Dr. Charles T. Tart on August 31st, 2009

Another response from one of my colleagues, Davis Lukoff:

Nonordinary States of Consciousness in Transpersonal Psychotherapy

William James first explored how nonordinary states of consciousness can be induced and the value that they have for providing access to special knowledge that cannot be gained through ordinary consciousness. Many schools of psychology “adhere to an unnecessarily restricted view of the psyche [and refuse to] work therapeutically with spiritual experience and experiences of nonordinary reality” (Scotton, 1996, p. 3). In transpersonal psychotherapy, induction of nonordinary states of consciousness has a respected place.

Transpersonal psychotherapists have explored the healing potential of many states of consciousness, including those associated with meditation, bodywork, movement, dreamwork, guided imagery, prayer, drumming, chanting, sweat lodges, fasting, shamanic journeying, and psychedelic drugs (Cortright, 1997). Anthropologist Michael Hamer (1990) and Native American psychologist Leslie Gray (2002) have developed shamanic counseling approaches based on shamanic practices that induce nonordinary states (particularly drumming). New techniques to induce nonordinary states have also been developed such as holotropic breathwork, an experiential procedure developed by Stanislav and Christina Grof involving several-hour sessions of music, energy work, and hyperventilation to simulate psychedelic drug experience (K. Taylor, 2003).

4 Responses to “What is Transpersonal Counseling? – 2”

  1. Sandy says:

    I have heard of some of these techniques. One counselor talked about these things with me. He didn’t see the point in inducing nonordinary states of consciousness in someone who can achieve such states on her own. We did talk about shamanism as being something very much like what I experience sometimes. Those sessions were kind of like debriefings where I would just report on what I had experienced during the week and often the counselor would point out how such experiences were viewed in other cultures. There were also times when I would pass on information from ghosts that happened to be “sitting in” on the sessions or describe lights or sounds that the counselor couldn’t see or hear. We’d discuss what sort of meaning of I got from that kind of perceived information.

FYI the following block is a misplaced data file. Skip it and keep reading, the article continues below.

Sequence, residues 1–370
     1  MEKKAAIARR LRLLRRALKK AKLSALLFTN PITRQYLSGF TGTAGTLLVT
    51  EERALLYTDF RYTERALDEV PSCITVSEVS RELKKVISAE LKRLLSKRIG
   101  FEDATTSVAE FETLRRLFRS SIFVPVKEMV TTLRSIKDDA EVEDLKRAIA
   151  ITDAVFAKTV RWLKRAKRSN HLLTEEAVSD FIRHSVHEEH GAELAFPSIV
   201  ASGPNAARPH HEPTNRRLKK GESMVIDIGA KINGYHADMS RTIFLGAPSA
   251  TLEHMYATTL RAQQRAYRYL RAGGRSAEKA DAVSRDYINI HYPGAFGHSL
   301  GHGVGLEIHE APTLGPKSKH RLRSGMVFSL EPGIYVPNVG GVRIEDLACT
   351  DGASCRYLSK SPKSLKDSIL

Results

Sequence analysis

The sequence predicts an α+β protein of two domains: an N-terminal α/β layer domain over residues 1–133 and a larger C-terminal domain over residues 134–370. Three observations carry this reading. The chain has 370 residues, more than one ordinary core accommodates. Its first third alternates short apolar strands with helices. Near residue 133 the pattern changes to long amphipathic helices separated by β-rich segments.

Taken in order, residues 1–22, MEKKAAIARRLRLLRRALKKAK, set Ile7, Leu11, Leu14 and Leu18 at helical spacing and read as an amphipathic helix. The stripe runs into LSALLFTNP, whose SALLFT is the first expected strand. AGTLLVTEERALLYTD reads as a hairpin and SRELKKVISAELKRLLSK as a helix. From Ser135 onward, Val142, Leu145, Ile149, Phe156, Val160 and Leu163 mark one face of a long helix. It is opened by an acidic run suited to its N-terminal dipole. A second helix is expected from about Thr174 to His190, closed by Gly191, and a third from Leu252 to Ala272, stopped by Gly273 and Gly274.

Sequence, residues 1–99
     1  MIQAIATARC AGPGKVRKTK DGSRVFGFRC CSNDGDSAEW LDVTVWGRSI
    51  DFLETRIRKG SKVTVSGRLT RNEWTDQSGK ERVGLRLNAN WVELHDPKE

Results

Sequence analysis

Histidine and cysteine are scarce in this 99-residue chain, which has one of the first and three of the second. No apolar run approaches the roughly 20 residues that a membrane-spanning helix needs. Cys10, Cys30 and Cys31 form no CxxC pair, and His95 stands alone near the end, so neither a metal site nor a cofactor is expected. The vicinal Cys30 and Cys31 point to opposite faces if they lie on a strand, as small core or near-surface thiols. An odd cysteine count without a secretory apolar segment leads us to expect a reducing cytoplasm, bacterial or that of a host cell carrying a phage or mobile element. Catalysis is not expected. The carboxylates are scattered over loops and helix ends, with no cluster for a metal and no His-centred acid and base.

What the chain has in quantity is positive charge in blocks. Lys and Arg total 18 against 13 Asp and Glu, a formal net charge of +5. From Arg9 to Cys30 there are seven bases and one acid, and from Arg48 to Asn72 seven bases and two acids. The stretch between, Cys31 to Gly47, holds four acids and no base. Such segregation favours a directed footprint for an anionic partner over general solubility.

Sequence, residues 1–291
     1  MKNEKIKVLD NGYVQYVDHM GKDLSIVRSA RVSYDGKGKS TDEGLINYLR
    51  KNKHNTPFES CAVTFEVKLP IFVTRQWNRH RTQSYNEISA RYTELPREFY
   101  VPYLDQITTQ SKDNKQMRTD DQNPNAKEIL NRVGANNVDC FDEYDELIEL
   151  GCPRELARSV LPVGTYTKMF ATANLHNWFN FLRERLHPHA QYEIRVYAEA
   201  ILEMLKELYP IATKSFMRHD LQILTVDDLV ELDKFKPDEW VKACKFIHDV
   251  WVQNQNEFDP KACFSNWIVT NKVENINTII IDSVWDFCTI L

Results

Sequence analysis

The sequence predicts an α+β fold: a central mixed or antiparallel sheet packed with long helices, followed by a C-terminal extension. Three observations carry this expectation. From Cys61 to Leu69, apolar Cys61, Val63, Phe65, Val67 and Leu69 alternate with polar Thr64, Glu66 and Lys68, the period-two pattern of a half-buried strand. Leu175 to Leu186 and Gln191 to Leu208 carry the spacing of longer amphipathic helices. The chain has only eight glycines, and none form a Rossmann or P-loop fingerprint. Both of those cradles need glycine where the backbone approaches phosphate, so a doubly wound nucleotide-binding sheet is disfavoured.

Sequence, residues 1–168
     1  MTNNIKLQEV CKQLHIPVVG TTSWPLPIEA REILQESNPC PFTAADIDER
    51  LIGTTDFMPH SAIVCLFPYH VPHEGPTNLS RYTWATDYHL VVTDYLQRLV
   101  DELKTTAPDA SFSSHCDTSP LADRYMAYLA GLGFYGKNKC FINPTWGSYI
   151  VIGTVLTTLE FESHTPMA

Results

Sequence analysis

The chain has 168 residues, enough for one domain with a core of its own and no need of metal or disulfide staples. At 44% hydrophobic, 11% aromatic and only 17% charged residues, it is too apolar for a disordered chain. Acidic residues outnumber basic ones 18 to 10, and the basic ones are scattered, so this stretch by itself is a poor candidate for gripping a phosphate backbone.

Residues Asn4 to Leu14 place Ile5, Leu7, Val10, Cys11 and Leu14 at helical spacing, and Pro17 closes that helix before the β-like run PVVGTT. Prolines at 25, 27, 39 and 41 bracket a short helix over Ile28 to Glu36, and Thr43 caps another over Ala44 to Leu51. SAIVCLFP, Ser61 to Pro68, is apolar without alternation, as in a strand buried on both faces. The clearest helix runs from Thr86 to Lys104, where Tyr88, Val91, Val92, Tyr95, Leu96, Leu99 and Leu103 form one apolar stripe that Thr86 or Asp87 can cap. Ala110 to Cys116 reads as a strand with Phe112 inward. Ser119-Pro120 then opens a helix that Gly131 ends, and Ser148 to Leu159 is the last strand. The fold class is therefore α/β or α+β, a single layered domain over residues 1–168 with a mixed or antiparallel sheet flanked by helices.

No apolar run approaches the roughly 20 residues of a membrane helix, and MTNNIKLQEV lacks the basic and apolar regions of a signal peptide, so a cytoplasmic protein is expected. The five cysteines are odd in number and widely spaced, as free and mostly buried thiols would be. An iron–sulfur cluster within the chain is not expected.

I found all that interesting, but it didn’t stop me from wishing to be cured. I didn’t make any sort of progress at all until I tried meditation. I do think the meditation needs to be done in conjunction with counseling though, at least for someone like me. I need help sorting out all the difficult insights that come up during meditation. I still have days when I want a cure. I wanted one today very badly. I came close to making an appointment to see the sort of counselor that I know would have treated my situation as a pathological condition needing medical attention. I hate to admit this, because it truly is nuts, but my deceased Grandmother talking me out of doing that.

  2. anonymous says:

    Hi Sandy,

    You wrote:

    ” I came close to making an appointment to see the sort of counselor that I know would have treated my situation as a pathological condition needing medical attention.”

    Do you think that type of treatment would stop your experiences?

    What I’ve heard is that people who are treated for being psychic find the treatment so unpleasant they just stop telling their doctor about their experiences and say everything is fine. This reinforces the doctor’s own delusions and means that his claims that he can help psychics turn off their perceptions are unreliable. And, it just causes more psychological difficulties for the psychic.

    I would suggest you try to find some way to get information from people who have had experiences like yours who have been helped by medical treatment before you try it.

  3. Sandy says:

    Hi Anonymous,

    I don’t know if that sort of treatment would cure me. It would put me a situation where the doctor was reinforcing my worst inclinations, I suppose. Instead of telling me I’m gifted and perceptive, this sort of doctor would treat me as someone sick and delusional, and would agree that spiritual experiences are unscientific and crazy. The thing is, I feel badly about rejecting the way I am when it is framed as a gift. If it were framed as a disease, then it would be OK to reject it. That seems easier than learning to live with it sometimes.

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